The consequence of this domestic characterization can be significant. For example, in both a recognized foreign-related arbitration and a foreign arbitration, the court’s ability to deny enforcement is far narrower than in a domestic arbitration. In contrast, the People’s Court may deny enforcement of a domestic arbitral award if it finds insufficient evidence to enforce, or if it determines that the law (which would necessarily be Chinese law) has been erroneously applied. Neither of these defenses would be available to deny enforcement in a foreign-related arbitration or in a foreign arbitration. Accordingly, there is far less certainty regarding judicial enforcement in the case of Chinese domestic arbitrations, a consideration that may effectively defeat the entire objective of arbitration.

One of the main commissions for conducting foreign-related arbitrations in China is the China International Economic Trade Arbitration Commission (CIETAC), a state-sponsored organization that was formed in 1956. Despite significant modernization of its procedures in recent years, CIETAC proceedings continue to be viewed with some concern by the international business community. These concerns include issues regarding transparency of arbitrator compensation and even the possibility of improper influence and pressure being brought on the arbitrators.

To the extent that a dispute results in an award or judgment, a range of issues arises relative to the enforceability of that award or judgment against a Chinese supplier, irrespective of the forum proceeding or governing law applied. Applications for enforcement of arbitral awards are made to local intermediate Chinese courts. The basis of nonenforcement of otherwise enforceable foreign-related and foreign arbitral awards, however, is limited to procedural violations such as:

  • lack of jurisdiction of the arbitration proceeding;
  • lack of a valid arbitration agreement; and
  • discrepancies in the proceeding, such as the improper appointment of an arbitrator or lack of appropriate notice to a party.

Finally, the most common reason for ultimate nonenforcement of arbitral awards (domestic and foreign-related) is one that is not limited to China:  lack of assets. Such a situation may involve actual bankruptcy or insolvency. Often, however, it includes cases in which the plaintiff or court simply cannot locate assets.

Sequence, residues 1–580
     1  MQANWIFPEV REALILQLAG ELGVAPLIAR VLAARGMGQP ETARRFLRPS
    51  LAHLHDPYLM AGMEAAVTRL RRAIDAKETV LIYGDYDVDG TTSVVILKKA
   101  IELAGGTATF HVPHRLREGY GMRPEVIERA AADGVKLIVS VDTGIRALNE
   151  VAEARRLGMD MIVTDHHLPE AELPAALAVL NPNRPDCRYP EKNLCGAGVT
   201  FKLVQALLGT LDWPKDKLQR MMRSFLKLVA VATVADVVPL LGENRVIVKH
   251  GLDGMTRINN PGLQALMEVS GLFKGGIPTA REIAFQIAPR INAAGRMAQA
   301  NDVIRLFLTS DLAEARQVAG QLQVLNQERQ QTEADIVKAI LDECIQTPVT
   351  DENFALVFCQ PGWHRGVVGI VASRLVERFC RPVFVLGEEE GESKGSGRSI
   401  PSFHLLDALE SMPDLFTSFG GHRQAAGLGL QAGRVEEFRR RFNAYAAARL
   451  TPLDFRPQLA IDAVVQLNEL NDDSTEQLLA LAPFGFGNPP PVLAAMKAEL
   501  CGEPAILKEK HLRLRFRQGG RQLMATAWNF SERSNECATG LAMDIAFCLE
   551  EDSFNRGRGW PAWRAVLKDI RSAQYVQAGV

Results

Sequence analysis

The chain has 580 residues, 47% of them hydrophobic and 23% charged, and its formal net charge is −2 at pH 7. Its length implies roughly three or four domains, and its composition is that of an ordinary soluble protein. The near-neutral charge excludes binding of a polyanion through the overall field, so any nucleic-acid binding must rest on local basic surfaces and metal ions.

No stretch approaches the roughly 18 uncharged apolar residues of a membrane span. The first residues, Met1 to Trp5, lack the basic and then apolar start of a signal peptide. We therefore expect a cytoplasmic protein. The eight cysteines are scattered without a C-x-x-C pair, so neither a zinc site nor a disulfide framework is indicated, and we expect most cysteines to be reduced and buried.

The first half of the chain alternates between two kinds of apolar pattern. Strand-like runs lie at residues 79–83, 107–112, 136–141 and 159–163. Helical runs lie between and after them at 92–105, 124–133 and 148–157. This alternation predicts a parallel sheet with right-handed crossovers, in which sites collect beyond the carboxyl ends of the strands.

Enforcement of contract rights is a critical consideration in any commercial transaction. As China works to increase its role as a global supplier of products and services, the legal system and practice necessary to ensure efficient and predictable dispute resolution will certainly develop. With this legal evolution, there should come increasingly favorable international perceptions of China’s viability as a sourcing environment, and the scale and quantity of sourcing transactions involving Chinese can steadily — and sharply — increase.

In the meantime, companies looking to source from Chinese providers must carefully consider the scope and structure of their contractual arrangements. They must also carefully assess the effectiveness of their arrangements to both avoid and address disputes with sourcing providers. With diligent consideration and planning, however, companies can approach the Chinese market with a level of confidence that will enable them to take advantage of the many and growing opportunities in what is, and promises to remain, one of the most dynamic markets in the world.


1. See "Going to China" in this publication.
2. The PRC is a signatory to the New York Convention, and its courts are therefore obliged to recognize and enforce arbitral awards of other signatory countries, including the United States. On the other hand, the United States and a number of other countries have not signed treaties on recognition and enforcement of foreign judgments. Consequently, Chinese courts have no similar obligation to enforce court judgments of those countries.
3. Beyond issues associated with the infancy of China’s judicial system and the inexperience of its judges, principal concerns include the means of judicial appointment and compensation and the overall level of judicial qualification in many parts of the country.
4. These elements were adopted by the Supreme People's Court in defining "foreign-related civil litigation" in a 1992 opinion. No such specific guidance has been given for "foreign-related" arbitration, leaving the matter less certain. Further, under Article 20(7) of the Consultation Draft of the Provisions for Handling of Foreign and Foreign-related Arbitration Cases by the People's Court (31 Dec 2003), there appears to be a likelihood that an agreement between parties for arbitration outside of China may be found void if there is no "foreign element."
5. Article 126 of Contract Law of the People's Republic of China.

To read this complete article visit Business & Technology Sourcing Review - Issue 14.